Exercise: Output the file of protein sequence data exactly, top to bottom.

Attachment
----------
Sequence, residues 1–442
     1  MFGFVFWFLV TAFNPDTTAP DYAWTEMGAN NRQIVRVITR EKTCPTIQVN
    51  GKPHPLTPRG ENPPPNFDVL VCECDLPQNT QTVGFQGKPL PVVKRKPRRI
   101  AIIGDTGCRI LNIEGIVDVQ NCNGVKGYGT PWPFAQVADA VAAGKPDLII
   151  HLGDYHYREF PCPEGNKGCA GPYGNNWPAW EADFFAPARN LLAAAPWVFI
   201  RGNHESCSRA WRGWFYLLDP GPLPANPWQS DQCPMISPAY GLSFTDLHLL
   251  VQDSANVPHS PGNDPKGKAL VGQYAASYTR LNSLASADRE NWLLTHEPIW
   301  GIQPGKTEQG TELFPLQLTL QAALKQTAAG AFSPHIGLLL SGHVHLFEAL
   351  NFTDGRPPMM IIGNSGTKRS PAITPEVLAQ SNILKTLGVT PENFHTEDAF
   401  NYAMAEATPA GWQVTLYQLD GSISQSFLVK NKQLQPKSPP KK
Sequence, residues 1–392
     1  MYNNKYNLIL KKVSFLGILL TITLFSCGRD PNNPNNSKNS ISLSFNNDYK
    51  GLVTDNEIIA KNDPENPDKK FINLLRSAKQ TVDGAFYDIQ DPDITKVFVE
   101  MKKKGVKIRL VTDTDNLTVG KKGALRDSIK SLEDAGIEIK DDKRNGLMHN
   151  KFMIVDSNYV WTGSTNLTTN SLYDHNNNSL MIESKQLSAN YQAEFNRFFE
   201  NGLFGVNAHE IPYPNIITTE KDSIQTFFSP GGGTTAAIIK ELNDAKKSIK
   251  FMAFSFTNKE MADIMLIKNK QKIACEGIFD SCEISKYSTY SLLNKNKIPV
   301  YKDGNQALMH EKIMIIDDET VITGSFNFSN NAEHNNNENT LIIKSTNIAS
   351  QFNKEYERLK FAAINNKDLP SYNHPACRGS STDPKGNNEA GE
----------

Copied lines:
Sequence, residues 1–442
     1  MFGFVFWFLV TAFNPDTTAP DYAWTEMGAN NRQIVRVITR EKTCPTIQVN
    51  GKPHPLTPRG ENPPPNFDVL VCECDLPQNT QTVGFQGKPL PVVKRKPRRI
   101  AIIGDTGCRI LNIEGIVDVQ NCNGVKGYGT PWPFAQVADA VAAGKPDLII
   151  HLGDYHYREF PCPEGNKGCA GPYGNNWPAW EADFFAPARN LLAAAPWVFI
   201  RGNHESCSRA WRGWFYLLDP GPLPANPWQS DQCPMISPAY GLSFTDLHLL
   251  VQDSANVPHS PGNDPKGKAL VGQYAASYTR LNSLASADRE NWLLTHEPIW
   301  GIQPGKTEQG TELFPLQLTL QAALKQTAAG AFSPHIGLLL SGHVHLFEAL
   351  NFTDGRPPMM IIGNSGTKRS PAITPEVLAQ SNILKTLGVT PENFHTEDAF
   401  NYAMAEATPA GWQVTLYQLD GSISQSFLVK NKQLQPKSPP KK
Sequence, residues 1–392
     1  MYNNKYNLIL KKVSFLGILL TITLFSCGRD PNNPNNSKNS ISLSFNNDYK
    51  GLVTDNEIIA KNDPENPDKK FINLLRSAKQ TVDGAFYDIQ DPDITKVFVE
   101  MKKKGVKIRL VTDTDNLTVG KKGALRDSIK SLEDAGIEIK DDKRNGLMHN
   151  KFMIVDSNYV WTGSTNLTTN SLYDHNNNSL MIESKQLSAN YQAEFNRFFE
   201  NGLFGVNAHE IPYPNIITTE KDSIQTFFSP GGGTTAAIIK ELNDAKKSIK
   251  FMAFSFTNKE MADIMLIKNK QKIACEGIFD SCEISKYSTY SLLNKNKIPV
   301  YKDGNQALMH EKIMIIDDET VITGSFNFSN NAEHNNNENT LIIKSTNIAS
   351  QFNKEYERLK FAAINNKDLP SYNHPACRGS STDPKGNNEA GE